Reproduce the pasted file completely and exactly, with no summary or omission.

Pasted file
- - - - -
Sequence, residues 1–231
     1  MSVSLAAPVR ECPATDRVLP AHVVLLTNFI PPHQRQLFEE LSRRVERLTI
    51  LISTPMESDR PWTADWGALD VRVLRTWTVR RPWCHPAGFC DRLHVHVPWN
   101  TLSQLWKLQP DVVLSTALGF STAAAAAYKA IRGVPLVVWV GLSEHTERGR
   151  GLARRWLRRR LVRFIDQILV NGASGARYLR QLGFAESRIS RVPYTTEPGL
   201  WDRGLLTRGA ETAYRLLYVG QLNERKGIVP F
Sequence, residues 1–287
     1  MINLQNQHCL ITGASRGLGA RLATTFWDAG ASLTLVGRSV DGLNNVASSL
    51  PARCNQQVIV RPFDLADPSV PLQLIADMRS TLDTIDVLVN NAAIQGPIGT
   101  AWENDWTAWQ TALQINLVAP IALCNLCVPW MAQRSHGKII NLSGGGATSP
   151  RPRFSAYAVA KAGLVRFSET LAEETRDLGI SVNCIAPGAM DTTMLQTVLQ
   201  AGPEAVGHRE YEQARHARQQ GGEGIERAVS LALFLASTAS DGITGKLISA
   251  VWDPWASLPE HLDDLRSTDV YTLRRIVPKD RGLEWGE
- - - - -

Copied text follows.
Sequence, residues 1–231
     1  MSVSLAAPVR ECPATDRVLP AHVVLLTNFI PPHQRQLFEE LSRRVERLTI
    51  LISTPMESDR PWTADWGALD VRVLRTWTVR RPWCHPAGFC DRLHVHVPWN
   101  TLSQLWKLQP DVVLSTALGF STAAAAAYKA IRGVPLVVWV GLSEHTERGR
   151  GLARRWLRRR LVRFIDQILV NGASGARYLR QLGFAESRIS RVPYTTEPGL
   201  WDRGLLTRGA ETAYRLLYVG QLNERKGIVP F
Sequence, residues 1–287
     1  MINLQNQHCL ITGASRGLGA RLATTFWDAG ASLTLVGRSV DGLNNVASSL
    51  PARCNQQVIV RPFDLADPSV PLQLIADMRS TLDTIDVLVN NAAIQGPIGT
   101  AWENDWTAWQ TALQINLVAP IALCNLCVPW MAQRSHGKII NLSGGGATSP
   151  RPRFSAYAVA KAGLVRFSET LAEETRDLGI SVNCIAPGAM DTTMLQTVLQ
   201  AGPEAVGHRE YEQARHARQQ GGEGIERAVS LALFLASTAS DGITGKLISA
   251  VWDPWASLPE HLDDLRSTDV YTLRRIVPKD RGLEWGE